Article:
Early on in the book, Alex is sentenced to quite a bit of community service, for which he is to be paid, but all the pay has to go to compensate the neighbor for her expensive garden gnome. Alex's mother assigns Alex to hang out with Sol Lewis, an elderly Jewish man dying of emphysema. Sol's gruffness and use of mildly abusive Yiddish bothers Alex for quite a while, but eventually they establish a rapport. And when Alex brings his jazz guitar along, things get interesting, and we begin to learn more about the difficult Mr. Lewis, and his own guitar-playing past. And, like Alex, we learn to care about him. Which is (again) why that opening page was so important. Because it doesn't take long to figure out who's going to die, and that knowledge shades the reading of the entire book -- even the funniest passages are seen through that prism.

And there are a lot of funny passages, because Sol is a funny alte kacker (we'll go with the more polite "old fart" as its meaning), and a truly colorful character. Also, Alex's relationship with his friend Laurie is good and funny, because Alex has started to notice that she's, well, y'know, a girl, but isn't sure that she's noticed he's a boy. In that way. And really? The letters between Alex and the judge who sentenced him to community service are pretty entertaining as well.

Also good about this book? We get to see two characters from Sonnenblick's first book, Steven and Annette, whom Alex calls "the ka-CHINGS" because of how in sync they are. And it's nice to know that Steven and Annette are doing alright, to say nothing of the update on the health of Steven's brother, Jeffrey.

Which brings me to the next book, Drums, Girls & Dangerous Pie. Since I own the paperback, that's the cover I'm showing you:

Steven, a drum-obsessed eighth-grader, has a much-coveted (among music kinds) spot in the All-City Jazz Band, a crush on the hot girl in school, and an annoying six year-old brother named Jeffrey who idolizes Steven. When Jeffrey falls off the kitchen stool one morning and gets a bloody nose that requires medical attention, the family learns that Jeffrey has a particularly insidious type of leukemia.

Within what seems like only minutes, Steven's schoolteacher mother has taken a leave of absence and taken Jeffrey to a Children's Hospital hours away, while Steven and his dad are left home alone to cope. Only Steven's dad's method of coping involves spending more time at his accounting job, and so, in the end, Steven is basically left home alone, and is kept out of the loop, unaware of the medical horrors his younger brother is facing.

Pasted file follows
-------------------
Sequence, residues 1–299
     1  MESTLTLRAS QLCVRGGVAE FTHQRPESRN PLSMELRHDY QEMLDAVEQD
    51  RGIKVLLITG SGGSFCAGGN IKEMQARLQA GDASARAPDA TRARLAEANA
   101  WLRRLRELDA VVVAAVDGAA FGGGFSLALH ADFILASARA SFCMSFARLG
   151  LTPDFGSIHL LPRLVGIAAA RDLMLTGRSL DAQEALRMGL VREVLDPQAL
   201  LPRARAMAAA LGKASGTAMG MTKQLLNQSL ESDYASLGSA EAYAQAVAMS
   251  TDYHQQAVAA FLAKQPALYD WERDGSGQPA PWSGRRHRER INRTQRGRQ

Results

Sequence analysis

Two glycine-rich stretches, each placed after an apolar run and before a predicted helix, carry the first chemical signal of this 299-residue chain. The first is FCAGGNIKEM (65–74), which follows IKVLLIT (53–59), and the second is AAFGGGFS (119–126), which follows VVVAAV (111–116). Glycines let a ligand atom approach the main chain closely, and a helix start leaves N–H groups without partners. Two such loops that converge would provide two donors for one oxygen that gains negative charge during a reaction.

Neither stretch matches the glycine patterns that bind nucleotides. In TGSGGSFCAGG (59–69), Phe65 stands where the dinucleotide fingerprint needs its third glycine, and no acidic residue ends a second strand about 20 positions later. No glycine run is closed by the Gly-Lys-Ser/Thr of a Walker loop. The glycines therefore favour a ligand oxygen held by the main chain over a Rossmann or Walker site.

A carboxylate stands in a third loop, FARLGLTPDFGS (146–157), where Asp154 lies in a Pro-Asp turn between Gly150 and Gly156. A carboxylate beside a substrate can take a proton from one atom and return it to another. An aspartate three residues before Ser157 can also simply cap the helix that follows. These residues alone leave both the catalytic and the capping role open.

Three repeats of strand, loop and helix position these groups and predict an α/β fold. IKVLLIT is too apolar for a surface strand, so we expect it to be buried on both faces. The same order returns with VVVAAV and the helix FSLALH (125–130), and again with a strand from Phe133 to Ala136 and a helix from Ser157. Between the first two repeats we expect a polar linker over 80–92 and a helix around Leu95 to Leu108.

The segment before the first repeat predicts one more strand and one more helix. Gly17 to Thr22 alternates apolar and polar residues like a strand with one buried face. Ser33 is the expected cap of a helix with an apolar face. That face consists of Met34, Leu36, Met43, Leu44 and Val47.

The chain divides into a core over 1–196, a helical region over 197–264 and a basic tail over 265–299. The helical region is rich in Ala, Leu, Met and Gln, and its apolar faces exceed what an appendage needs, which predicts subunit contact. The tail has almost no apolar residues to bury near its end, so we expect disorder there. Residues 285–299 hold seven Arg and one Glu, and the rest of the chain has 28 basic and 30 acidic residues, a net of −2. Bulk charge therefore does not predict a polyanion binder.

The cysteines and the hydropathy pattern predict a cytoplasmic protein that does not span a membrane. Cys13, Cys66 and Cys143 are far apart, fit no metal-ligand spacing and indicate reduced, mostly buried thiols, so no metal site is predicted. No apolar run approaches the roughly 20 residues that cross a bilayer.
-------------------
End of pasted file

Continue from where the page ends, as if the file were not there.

Steven copes with his stress by spending more and more time drumming, and less and less time doing homework or anything else. The story really truly takes flight when the school counselor intervenes with a useful piece of advice: "Instead of agonizing about the things you can't change, why don't you try working on the things you can change?" From then on, Steven starts to make decisions . . . he becomes active instead of passive, just the way that Alex (the Midnight Driver), does. Which includes him making up his homework, looking for ways to save money in order to help the family afford the devastating medical bills Jeffrey incurs, standing by Jeffrey, and making new friends at school.

And even though the topics are serious, and even though there are parts that will make you cry, overall this is still a funny book -- one where you'll find yourself rooting for Steven and for Jeffrey. One of those great books where all the characters are nice and round, even the hot cheerleader. No wonder Frank McCourt gave it such an excellent blurb. (And yes, McCourt was Sonnenblick's high school English teacher -- which explains HOW Sonnenblick got the blurb, but not the wonderful content of that blurb.)